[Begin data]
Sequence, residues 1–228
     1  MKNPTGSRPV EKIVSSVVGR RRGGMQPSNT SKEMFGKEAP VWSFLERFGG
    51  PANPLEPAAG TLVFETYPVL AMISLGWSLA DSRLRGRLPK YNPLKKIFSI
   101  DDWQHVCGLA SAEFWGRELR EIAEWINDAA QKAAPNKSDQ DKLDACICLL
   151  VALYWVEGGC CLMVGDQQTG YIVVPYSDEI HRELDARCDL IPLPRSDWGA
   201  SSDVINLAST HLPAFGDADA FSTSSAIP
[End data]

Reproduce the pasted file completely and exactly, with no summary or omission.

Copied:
Sequence, residues 1–228
     1  MKNPTGSRPV EKIVSSVVGR RRGGMQPSNT SKEMFGKEAP VWSFLERFGG
    51  PANPLEPAAG TLVFETYPVL AMISLGWSLA DSRLRGRLPK YNPLKKIFSI
   101  DDWQHVCGLA SAEFWGRELR EIAEWINDAA QKAAPNKSDQ DKLDACICLL
   151  VALYWVEGGC CLMVGDQQTG YIVVPYSDEI HRELDARCDL IPLPRSDWGA
   201  SSDVINLAST HLPAFGDADA FSTSSAIP